American Journal of Community Psychology

, Volume 56, Issue 1–2, pp 145–155 | Cite as

Identifying Perceived Neighborhood Stressors Across Diverse Communities in New York City

  • Jessie L. C. ShmoolEmail author
  • Michael A. Yonas
  • Ogonnaya Dotson Newman
  • Laura D. Kubzansky
  • Evelyn Joseph
  • Ana Parks
  • Charles Callaway
  • Lauren G. Chubb
  • Peggy Shepard
  • Jane E. Clougherty
Original Article


There is growing interest in the role of psychosocial stress in health disparities. Identifying which social stressors are most important to community residents is critical for accurately incorporating stressor exposures into health research. Using a community-academic partnered approach, we designed a multi-community study across the five boroughs of New York City to characterize resident perceptions of key neighborhood stressors. We conducted 14 community focus groups; two to three in each borough, with one adolescent group and one Spanish-speaking group per borough. We then used systematic content analysis and participant ranking data to describe prominent neighborhood stressors and identify dominant themes. Three inter-related themes regarding the social and structural sources of stressful experiences were most commonly identified across neighborhoods: (1) physical disorder and perceived neglect, (2) harassment by police and perceived safety and (3) gentrification and racial discrimination. Our findings suggest that multiple sources of distress, including social, political, physical and economic factors, should be considered when investigating health effects of community stressor exposures and psychological distress. Community expertise is essential for comprehensively characterizing the range of neighborhood stressors that may be implicated in psychosocial exposure pathways.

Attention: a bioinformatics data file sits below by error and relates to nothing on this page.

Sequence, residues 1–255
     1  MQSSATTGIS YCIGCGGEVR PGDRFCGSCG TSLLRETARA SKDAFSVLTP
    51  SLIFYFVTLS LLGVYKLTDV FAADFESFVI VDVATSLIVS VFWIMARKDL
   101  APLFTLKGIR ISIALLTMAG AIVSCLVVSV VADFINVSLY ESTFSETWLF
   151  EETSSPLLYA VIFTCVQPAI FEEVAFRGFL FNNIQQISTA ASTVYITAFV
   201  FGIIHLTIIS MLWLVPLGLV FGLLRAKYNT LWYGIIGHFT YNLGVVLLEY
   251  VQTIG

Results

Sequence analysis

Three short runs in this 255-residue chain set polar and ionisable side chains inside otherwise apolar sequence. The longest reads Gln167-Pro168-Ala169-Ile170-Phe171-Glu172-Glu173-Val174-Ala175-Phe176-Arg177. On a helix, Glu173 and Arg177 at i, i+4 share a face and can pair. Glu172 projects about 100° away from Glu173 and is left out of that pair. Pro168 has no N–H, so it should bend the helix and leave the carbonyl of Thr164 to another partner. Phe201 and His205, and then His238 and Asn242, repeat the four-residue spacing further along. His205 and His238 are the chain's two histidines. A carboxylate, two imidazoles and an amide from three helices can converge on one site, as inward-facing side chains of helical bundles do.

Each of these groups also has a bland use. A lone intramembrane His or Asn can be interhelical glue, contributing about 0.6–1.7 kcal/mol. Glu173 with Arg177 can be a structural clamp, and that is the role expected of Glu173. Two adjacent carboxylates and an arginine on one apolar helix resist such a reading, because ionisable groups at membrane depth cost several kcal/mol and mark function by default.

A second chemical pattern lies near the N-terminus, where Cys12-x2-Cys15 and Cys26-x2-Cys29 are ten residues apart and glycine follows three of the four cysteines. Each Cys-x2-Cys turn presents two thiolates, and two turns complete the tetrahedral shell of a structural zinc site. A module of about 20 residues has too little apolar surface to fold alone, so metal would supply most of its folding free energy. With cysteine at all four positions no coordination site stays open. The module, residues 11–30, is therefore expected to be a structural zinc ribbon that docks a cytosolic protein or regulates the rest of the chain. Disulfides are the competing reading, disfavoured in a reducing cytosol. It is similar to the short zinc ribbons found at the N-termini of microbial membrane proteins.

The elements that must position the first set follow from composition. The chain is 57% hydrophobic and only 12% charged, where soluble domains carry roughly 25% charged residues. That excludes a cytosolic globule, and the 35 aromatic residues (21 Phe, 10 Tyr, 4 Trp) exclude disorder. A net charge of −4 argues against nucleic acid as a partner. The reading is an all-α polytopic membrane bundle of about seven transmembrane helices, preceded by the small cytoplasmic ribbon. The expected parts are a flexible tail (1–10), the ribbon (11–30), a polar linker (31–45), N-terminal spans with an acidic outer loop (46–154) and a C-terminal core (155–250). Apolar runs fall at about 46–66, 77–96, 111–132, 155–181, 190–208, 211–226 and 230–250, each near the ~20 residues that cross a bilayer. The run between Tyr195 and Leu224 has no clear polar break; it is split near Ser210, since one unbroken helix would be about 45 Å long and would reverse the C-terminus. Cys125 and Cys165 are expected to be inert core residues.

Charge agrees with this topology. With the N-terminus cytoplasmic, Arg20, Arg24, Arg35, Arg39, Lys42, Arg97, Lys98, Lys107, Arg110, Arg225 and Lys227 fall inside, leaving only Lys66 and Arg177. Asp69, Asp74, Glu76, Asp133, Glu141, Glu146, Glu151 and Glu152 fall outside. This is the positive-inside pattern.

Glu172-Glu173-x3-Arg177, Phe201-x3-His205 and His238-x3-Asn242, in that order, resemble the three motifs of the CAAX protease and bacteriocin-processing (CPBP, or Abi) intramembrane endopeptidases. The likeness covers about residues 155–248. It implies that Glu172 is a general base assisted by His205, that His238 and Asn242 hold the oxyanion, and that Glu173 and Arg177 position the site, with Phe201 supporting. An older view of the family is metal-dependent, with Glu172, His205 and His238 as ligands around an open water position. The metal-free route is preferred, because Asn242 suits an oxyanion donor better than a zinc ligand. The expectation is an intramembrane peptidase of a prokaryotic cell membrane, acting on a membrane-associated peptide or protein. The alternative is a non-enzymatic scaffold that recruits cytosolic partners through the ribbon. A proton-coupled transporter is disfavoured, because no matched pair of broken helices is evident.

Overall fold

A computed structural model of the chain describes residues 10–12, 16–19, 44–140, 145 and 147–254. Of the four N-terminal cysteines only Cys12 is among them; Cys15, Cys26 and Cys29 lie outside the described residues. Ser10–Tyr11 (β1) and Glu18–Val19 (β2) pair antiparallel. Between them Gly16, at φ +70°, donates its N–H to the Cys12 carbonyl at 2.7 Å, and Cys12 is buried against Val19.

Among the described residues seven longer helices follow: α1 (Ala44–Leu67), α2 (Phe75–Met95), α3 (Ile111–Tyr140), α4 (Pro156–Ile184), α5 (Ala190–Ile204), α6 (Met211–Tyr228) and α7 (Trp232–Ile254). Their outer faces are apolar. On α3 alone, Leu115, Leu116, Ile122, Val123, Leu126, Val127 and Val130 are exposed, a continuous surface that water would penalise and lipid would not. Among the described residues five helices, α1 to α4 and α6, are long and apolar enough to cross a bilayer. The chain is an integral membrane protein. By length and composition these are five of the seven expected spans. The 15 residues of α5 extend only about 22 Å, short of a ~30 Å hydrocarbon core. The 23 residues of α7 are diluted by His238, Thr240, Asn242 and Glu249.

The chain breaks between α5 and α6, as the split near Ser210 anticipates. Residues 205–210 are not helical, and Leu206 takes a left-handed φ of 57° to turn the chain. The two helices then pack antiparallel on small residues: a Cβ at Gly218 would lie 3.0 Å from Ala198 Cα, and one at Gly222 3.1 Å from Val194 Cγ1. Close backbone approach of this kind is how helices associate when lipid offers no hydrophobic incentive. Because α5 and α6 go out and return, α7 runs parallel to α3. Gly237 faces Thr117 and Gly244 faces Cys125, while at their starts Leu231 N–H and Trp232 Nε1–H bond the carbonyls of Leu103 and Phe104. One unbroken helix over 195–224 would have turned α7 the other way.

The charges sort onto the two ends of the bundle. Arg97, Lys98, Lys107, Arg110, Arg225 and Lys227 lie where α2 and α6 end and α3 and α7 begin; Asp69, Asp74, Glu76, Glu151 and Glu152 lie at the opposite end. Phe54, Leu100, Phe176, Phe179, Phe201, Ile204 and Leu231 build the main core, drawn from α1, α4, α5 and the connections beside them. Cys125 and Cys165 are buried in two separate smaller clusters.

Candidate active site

Gentrification Physical disorder Police-community dynamics Psychosocial stressors Racism 


Compliance with Ethical Standard


This work was supported by US EPA Grant #RD-83457601-0.

Conflict of interest

The authors declare that they have no conflict of interest.

Supplementary material

10464_2015_9736_MOESM1_ESM.docx (109 kb)
Supplementary material 1 (DOCX 108 kb)
10464_2015_9736_MOESM2_ESM.pdf (871 kb)
Supplementary material 2 (PDF 871 kb)


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Copyright information

© Society for Community Research and Action 2015

Authors and Affiliations

  • Jessie L. C. Shmool
    • 1
    Email author
  • Michael A. Yonas
    • 2
  • Ogonnaya Dotson Newman
    • 3
  • Laura D. Kubzansky
    • 4
  • Evelyn Joseph
    • 3
  • Ana Parks
    • 3
  • Charles Callaway
    • 3
  • Lauren G. Chubb
    • 1
  • Peggy Shepard
    • 3
  • Jane E. Clougherty
    • 1
  1. 1.Department of Environmental and Occupational HealthUniversity of Pittsburgh Graduate School of Public HealthPittsburghUSA
  2. 2.The Pittsburgh FoundationPittsburghUSA
  3. 3.WE ACT for Environmental Justice (West Harlem Environmental Action Coalition, Inc.)New YorkUSA
  4. 4.Department of Social and Behavioral SciencesHarvard School of Public HealthBostonUSA

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